“You haven’t cried yet,” my daughter noted at intermission.
“No, I’m doing okay,” I answered, catching my breath.
“Oh, you’ll cry in the second half. Trust me.”
The second half, you might remember, is when Hamilton’s son, in an effort to defend his father’s reputation, dies after a gun duel. He makes it to the hospital, though, where his mother, Eliza Hamilton, rushes to his bedside.
The tears trickled down my cheeks. I heard a few sniffles around me. And then, a man in the row behind me released a choked sob. That was it for me. I don’t let anyone cry alone.
Rolling tears are one thing, but when her son dies in her arms and Eliza screams, I loudly gasp/sob/snort. As a mother, I know that scream. No, I’ve not lost a child. But no mother needs to actually have lost a child to know that scream, to feel that pain. It’s primal, it’s universal—the most earth-shattering human emotion of all.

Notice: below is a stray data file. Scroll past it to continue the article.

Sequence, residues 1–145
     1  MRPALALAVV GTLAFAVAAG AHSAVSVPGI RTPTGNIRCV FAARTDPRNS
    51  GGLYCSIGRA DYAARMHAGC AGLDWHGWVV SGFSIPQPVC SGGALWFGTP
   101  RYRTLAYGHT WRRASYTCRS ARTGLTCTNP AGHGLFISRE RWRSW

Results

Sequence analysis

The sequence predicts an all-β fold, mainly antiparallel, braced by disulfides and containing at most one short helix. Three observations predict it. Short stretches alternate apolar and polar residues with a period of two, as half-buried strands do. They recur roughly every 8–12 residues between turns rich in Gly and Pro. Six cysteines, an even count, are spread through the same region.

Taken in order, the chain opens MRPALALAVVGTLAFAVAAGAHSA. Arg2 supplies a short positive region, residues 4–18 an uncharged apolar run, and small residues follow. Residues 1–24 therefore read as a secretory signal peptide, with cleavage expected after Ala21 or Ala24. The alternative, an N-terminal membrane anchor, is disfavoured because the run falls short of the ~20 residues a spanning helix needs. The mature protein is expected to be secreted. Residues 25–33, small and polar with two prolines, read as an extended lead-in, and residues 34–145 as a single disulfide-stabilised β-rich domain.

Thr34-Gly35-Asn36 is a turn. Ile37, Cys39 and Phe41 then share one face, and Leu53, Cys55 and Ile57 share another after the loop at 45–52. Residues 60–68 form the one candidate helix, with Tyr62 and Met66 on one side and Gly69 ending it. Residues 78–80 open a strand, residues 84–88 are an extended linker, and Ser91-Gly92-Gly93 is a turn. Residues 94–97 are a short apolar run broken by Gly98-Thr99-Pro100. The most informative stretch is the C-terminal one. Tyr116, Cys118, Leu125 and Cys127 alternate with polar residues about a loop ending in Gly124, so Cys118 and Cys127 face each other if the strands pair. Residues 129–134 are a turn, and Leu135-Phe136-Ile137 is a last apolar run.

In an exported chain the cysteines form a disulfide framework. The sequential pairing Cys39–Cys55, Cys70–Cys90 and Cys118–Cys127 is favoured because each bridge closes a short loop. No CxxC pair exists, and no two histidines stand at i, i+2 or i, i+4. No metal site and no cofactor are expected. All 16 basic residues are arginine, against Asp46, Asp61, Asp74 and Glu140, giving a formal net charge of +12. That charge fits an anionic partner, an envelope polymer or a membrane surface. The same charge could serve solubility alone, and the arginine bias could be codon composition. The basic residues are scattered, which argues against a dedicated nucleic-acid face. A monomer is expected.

My daughter squeezed my hand.
From that moment on, “Hamilton” did take the top spot on my musical list.
When it came out on Disney+ last summer, I planned my entire evening around watching it. Since then, I’ve watched it a dozen times more, especially through the summer months of quarantine, where it became a staple of mine.
I’ve been thinking lately about why and how this particular show buried itself so deeply in my heart.
It’s true that there’s no other musical quite like it. It hits every emotional note, so by the time I’ve watched the whole thing, I’ve cried, laughed, and, yes, even sang out loud.
The acting is incredible, bar none. Watching it at home on the screen zooms in on the subtleties of the performances that are easy to miss in the theater. I am astounded that people have that much talent. There’s no other explanation for it—it’s genius.
The show, in my estimation, gives a fairly honest depiction of the true nature of human beings. Most of us come to the show thinking Aaron Burr is a villain. But is he really? By the end of the show, it’s a confusing question to answer.